The cell catalyst to produce new kinds of molecules and biological processes without the evolutionary constraints of using intact living cells.

But less than 20 years ago, this burgeoning field within synthetic biology still had much to prove.

In a review paper published, explores how cell-free engineering evolved from a specialized research tool to the backbone of a variety of applications in synthetic biology that stand to impact society, from the environment to medicine to education.

Now, synthetic biology garners wide interest. Commercial industries are popping up around these technologies. Granting agencies are seeing the importance.

While cell-free gene expression has used as a research tool for more than 50 years, its transformative potential has limited by several constraints, including low and variable protein synthesis yields, short reaction durations, and small reaction scale.

Researchers also battled against doubts that controlling the reaction environment within cells would remain beyond reach.

But, in the last 20 years, synthetic biology researchers have peeled back the curtain of cell-free gene expression’s potential, uncovering new insights in the lab that have led to new efficiencies and applications outside of it from biosensors to measure and check environmental contaminants in natural resources to targeted therapeutics to treat disease.

The system is not only optimized to produce the highest batch reaction expression yield of a protein to date, but the platform can make proteins with non-canonical amino acids, expanding the encoded chemistry available to proteins and opening the door to create new types of enzymes, materials, and therapeutics.

As cell-free synthetic biology has grown in importance, so too has Northwestern’s Center for Synthetic Biology.

Launched in 2016 to bring together the brightest minds in the field and to provide a supportive ecosystem for research and education, the center has established itself as a leader of cell-free systems research and technological development.

The team has come together we’ve thought about research themes that not only connect us but also position Northwestern as having a particular strength and cell-free systems have emerged.

Recent advances by center faculty have pushed the boundaries of cell-free engineering even further. The system, which combines cell-free protein synthesis technology with SAMDI mass spectrometry platform, will help synthetic biologists design more complex molecules faster than ever.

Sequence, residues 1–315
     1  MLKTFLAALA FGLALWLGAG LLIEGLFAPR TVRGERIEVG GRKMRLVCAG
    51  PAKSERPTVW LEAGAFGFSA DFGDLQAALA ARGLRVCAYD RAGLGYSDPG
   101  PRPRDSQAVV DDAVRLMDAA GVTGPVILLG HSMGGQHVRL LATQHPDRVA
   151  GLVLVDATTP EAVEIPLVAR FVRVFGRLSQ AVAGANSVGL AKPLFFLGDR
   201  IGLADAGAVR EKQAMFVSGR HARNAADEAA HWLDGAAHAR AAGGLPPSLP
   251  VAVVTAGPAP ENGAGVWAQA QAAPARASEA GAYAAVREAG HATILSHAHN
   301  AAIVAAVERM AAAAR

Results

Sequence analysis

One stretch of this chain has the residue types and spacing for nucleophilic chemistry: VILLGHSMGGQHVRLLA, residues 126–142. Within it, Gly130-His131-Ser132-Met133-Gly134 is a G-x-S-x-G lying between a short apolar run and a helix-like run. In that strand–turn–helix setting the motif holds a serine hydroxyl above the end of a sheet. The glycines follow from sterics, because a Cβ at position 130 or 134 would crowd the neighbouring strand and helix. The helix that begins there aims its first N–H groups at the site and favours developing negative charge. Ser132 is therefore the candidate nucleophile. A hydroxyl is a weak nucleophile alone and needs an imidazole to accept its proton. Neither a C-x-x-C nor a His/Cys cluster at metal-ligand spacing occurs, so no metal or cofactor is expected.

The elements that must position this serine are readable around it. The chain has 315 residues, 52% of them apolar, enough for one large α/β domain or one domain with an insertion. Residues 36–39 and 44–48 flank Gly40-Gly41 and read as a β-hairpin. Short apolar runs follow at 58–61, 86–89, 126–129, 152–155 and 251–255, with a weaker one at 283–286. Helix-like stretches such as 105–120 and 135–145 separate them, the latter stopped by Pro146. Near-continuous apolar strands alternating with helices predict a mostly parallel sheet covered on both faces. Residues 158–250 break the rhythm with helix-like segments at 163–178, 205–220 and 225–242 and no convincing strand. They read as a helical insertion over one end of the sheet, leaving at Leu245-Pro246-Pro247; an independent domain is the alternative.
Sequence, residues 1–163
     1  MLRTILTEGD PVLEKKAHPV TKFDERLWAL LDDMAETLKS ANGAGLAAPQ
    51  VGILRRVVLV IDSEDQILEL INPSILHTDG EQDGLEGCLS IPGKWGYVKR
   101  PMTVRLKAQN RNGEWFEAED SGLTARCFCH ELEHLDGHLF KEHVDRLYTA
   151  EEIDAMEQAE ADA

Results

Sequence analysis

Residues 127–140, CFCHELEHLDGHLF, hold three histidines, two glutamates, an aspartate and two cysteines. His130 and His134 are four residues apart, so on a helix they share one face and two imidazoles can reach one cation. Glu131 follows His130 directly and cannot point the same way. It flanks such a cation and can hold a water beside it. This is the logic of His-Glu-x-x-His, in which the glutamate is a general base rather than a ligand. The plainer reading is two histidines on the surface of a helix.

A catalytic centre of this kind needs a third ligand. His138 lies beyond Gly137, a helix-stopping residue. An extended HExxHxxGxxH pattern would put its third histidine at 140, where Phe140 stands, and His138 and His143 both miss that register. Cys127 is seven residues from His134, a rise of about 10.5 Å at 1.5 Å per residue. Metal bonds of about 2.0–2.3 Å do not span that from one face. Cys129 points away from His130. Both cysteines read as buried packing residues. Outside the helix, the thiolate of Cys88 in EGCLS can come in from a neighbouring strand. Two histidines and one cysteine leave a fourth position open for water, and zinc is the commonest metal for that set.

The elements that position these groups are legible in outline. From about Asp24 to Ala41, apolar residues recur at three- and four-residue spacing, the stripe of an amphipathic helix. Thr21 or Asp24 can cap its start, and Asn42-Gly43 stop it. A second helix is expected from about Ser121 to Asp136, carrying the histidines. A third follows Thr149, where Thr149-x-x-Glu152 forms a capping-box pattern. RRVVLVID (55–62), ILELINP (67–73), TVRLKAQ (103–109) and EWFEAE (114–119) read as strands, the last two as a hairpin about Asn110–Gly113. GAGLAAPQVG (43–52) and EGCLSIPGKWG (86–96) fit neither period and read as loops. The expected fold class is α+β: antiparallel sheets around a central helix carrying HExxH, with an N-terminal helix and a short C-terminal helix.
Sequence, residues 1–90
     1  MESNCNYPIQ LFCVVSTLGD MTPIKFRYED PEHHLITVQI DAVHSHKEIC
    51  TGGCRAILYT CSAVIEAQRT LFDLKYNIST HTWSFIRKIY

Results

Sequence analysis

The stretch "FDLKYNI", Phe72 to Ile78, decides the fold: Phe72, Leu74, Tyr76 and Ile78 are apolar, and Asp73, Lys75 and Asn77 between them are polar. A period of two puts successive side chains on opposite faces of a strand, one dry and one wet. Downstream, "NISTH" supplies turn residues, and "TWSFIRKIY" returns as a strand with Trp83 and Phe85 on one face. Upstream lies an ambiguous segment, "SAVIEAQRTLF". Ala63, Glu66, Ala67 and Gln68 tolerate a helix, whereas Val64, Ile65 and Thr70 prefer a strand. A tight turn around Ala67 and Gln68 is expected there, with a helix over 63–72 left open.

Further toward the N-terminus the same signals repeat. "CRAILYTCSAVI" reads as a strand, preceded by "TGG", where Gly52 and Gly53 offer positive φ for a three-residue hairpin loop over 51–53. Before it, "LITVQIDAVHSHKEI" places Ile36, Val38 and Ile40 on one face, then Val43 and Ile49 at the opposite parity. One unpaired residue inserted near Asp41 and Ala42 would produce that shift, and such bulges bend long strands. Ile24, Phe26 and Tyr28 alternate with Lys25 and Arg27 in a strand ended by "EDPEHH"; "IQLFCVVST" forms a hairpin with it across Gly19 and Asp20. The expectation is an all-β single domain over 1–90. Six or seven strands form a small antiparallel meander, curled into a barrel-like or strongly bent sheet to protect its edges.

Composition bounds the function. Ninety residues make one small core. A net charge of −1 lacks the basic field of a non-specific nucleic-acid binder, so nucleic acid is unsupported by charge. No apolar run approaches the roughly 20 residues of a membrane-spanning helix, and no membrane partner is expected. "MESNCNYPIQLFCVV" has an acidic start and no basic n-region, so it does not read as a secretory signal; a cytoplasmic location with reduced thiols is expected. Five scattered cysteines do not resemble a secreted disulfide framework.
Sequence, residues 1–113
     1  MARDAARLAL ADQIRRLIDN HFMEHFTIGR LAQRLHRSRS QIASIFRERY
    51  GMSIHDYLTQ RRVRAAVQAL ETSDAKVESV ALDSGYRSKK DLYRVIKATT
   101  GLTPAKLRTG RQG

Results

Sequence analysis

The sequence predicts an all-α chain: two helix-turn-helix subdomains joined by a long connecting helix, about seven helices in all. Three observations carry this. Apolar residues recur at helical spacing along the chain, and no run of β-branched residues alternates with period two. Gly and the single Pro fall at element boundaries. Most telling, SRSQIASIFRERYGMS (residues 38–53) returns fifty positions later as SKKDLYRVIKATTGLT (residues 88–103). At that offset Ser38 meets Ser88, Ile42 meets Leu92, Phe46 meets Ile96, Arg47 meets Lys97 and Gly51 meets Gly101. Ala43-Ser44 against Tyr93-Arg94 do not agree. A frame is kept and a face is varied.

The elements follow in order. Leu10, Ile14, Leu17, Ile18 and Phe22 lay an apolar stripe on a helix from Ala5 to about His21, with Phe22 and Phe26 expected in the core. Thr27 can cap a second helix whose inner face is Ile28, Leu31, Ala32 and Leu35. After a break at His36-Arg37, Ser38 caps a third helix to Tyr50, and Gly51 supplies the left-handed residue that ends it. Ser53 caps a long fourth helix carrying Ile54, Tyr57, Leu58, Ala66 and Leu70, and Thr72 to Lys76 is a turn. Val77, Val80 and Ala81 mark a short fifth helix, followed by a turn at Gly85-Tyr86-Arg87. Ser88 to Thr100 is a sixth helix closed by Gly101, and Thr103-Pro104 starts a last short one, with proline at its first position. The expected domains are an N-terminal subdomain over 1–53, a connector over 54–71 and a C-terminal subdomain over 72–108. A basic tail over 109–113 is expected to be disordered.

A researcher recently demonstrated the first instance of using cell-free systems to drive the fusion of lipid nanoparticles an emerging carrier for drug-delivery opening the door to new and complex types of biochemical reactions.

The interface of synthetic biology and systems biology to achieve design-driven medicine. Earlier this year, he chaired the Sixth International Mammalian Synthetic Biology Workshop hosted at Northwestern.

The company applies research mission to understand how cellular systems sense and respond to their environments through a platform of technologies, including one focused on environmental water quality monitoring. A researcher recently started SwiftScale Biologics, which seeks to speed up a drug’s arrival to the market using cell-free systems.

The technology is ready to apply outside the lab to address societal issues, and companies are emerging to give them a fair shake in the marketplace.

The next decade will welcome even greater milestones, thanks in part to growing research collaborations.

The interactive kits, now used in dozens of Evanston and Chicago classrooms, equip students to conduct synthetic and molecular biology experiments by adding water and simple reagents to freeze-dried cell-free reactions.

We must provide training opportunities to students, so they’re excited about supporting and contributing to the emerging bio-economy.

And what about the first FDA-approved therapeutic supported by a cell-free system? As companies improve the ability to scale the production of engineered proteins, the Researcher said.